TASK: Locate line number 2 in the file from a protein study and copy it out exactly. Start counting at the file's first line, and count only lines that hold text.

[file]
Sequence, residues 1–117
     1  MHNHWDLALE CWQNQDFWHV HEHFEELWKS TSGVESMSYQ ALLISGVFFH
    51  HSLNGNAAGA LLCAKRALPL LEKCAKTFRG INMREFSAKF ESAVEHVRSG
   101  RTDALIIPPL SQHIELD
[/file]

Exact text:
     1  MHNHWDLALE CWQNQDFWHV HEHFEELWKS TSGVESMSYQ ALLISGVFFH